Clark and Farahi emphasize that borrowers shouldn’t feel ashamed for being stuck in a payday loan debt cycle. Though consumer finance education can help, they say greater regulatory efforts are needed to address the issue truly.
“It’s important for consumers to understand that this is really a policy problem,” Farahi says. “It’s up to policymakers to ensure that we’re getting rid of these kinds of loan sharks, not up to consumers to learn how to swim with the sharks.”
Breaking free of payday loan debt
Shannon eventually found her way to Exodus, which offered her a zero-interest, 12-month loan to refinance her payday debt.
She’s now free of payday loans but wants others to know how easy it is to become trapped. Though Shannon admits it’s hard to do, she says the key is reaching out for help before the loan gets out of control.
If you’re struggling with payday loans, consumer advocates strongly recommend exploring the options below to help you pay off the debt.
Research organizations in your area that offer financial assistance
Your city or state should have organizations that provide financial assistance to community members in need. Look for nonprofits, charities and religious groups. Some organizations may specifically address payday debt, like Exodus does in Minnesota, while others may offer general financial assistance to help cover necessities, such as rent or groceries. Use the money you save on those expenses to pay off your payday debt.
Reach out to a nonprofit credit counseling agency
Credit counseling agencies specialize in helping people with their finances, including getting out of debt. Credit counselors can work with you to create a budget, manage your bills and explore your debt payment options, including a debt management plan. With a debt management plan, you pay the credit counseling organization, which then pays off your creditors and may charge you a fee.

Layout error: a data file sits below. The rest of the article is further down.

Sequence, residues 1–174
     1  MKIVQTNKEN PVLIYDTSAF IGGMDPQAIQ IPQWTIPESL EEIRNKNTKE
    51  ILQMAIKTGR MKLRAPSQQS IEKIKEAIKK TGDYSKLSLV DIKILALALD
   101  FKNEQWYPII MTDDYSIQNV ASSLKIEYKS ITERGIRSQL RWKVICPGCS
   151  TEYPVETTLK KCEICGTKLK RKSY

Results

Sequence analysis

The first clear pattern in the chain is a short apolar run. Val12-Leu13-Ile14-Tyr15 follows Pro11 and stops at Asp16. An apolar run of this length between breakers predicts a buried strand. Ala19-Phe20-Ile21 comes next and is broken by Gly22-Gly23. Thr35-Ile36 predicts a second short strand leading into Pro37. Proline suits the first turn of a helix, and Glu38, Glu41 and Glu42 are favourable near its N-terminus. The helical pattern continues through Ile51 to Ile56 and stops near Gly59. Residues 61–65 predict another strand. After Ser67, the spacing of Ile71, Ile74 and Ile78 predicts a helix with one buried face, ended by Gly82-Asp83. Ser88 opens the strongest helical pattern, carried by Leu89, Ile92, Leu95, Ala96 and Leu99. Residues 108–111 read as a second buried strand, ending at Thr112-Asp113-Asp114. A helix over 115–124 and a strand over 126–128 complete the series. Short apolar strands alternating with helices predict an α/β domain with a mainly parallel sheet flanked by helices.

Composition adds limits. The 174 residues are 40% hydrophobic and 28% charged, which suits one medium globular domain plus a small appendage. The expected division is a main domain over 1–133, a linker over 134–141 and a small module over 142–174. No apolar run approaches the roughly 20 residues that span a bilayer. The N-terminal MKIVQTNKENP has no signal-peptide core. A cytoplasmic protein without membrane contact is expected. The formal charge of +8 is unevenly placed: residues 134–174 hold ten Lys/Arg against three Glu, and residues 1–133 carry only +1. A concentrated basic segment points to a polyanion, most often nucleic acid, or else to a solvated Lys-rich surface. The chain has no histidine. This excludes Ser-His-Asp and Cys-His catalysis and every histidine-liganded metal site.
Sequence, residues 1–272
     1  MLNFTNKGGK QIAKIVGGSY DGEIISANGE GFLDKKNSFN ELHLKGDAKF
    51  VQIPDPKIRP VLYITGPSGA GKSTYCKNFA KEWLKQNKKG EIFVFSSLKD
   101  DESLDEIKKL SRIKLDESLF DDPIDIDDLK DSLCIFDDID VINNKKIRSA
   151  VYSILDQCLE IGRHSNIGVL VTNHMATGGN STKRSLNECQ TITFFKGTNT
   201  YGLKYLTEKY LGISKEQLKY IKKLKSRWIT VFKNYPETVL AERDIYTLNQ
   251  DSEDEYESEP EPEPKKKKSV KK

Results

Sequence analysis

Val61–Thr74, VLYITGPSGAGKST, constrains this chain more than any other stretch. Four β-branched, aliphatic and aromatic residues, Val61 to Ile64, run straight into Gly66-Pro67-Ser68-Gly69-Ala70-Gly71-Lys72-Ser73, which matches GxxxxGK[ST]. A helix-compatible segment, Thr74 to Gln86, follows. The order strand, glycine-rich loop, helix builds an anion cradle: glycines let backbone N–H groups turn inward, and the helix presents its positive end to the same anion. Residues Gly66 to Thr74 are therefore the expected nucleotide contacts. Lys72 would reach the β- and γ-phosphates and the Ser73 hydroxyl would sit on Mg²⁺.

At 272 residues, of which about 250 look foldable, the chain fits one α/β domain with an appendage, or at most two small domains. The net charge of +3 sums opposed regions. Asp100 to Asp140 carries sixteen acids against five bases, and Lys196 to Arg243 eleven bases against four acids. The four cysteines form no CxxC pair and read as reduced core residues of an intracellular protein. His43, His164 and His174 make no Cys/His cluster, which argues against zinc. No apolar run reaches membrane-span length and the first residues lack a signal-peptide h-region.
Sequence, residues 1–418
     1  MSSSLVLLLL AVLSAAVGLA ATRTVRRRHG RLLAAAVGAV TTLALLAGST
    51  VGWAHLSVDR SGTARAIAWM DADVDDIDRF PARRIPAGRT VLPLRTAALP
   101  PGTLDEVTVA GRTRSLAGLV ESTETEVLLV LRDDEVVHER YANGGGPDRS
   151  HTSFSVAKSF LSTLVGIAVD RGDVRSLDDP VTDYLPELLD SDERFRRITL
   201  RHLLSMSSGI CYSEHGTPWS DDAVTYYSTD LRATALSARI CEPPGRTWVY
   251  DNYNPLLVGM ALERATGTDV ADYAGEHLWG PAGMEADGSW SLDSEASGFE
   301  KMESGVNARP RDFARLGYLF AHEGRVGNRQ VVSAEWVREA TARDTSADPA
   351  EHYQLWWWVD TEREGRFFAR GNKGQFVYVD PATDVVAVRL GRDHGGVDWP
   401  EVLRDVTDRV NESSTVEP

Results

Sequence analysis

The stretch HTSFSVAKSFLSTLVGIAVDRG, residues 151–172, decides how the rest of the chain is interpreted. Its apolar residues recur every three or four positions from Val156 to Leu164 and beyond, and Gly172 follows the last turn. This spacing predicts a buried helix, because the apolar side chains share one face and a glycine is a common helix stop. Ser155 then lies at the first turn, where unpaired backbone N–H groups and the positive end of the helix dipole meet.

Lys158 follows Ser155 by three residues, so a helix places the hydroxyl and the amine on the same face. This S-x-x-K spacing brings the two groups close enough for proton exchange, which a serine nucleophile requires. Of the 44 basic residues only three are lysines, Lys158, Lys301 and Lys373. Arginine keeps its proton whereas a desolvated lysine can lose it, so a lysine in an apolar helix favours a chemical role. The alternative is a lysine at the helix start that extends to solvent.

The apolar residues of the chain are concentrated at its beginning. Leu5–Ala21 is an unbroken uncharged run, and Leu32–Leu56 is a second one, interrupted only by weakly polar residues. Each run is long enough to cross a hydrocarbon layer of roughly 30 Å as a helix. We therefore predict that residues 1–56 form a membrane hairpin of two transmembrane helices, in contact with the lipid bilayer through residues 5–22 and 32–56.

Take out a small-dollar loan from a credit union or bank
More credit unions and banks are offering small-dollar loans. These loans could help you pay off payday debt and be left with a more affordable loan instead.
Your neighborhood credit union is a great place to start. Though you’ll need to become a member before applying for a loan, membership is easy and affordable at most credit unions. Some federal credit unions also offer small loans, including payday alternative loans or PALs. These loans can range from $200 to $1,000 and cap borrowing costs to keep the loan affordable. You’ll need to be a credit union member for one month before applying. However, some credit unions offer a second type of PAL that allows you to apply immediately and has higher loan amounts.
Banks are also increasing their small-dollar lending, though you’ll need an existing account in good standing to apply. Even if your account isn’t in good standing, it doesn’t hurt to call the bank, explain your situation and see if they’re willing to offer you a loan.
Borrow money from a family member or friend
If you’re unable to get help from an organization or financial institution, don’t be afraid to tap your network. It can be hard to ask a family member or friend for money. Still, you can make it more comfortable by writing down mutually agreed-upon loan terms — including when and how you’ll pay them back and if you’ll pay interest — so the expectations are clear.
Many people find themselves in financial trouble at one point or another, so remember that getting back on your feet means you may be able to help someone else in the future.